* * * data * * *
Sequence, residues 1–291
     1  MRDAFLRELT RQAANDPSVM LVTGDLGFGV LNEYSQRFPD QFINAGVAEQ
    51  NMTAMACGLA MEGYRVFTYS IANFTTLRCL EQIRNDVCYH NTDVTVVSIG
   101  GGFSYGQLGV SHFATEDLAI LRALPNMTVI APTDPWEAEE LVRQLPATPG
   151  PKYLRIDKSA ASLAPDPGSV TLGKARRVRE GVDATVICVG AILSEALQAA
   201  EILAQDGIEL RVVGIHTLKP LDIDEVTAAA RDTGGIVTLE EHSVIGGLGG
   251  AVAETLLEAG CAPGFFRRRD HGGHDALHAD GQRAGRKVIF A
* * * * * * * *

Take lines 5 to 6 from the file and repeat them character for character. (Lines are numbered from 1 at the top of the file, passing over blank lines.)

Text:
   151  PKYLRIDKSA ASLAPDPGSV TLGKARRVRE GVDATVICVG AILSEALQAA
   201  EILAQDGIEL RVVGIHTLKP LDIDEVTAAA RDTGGIVTLE EHSVIGGLGG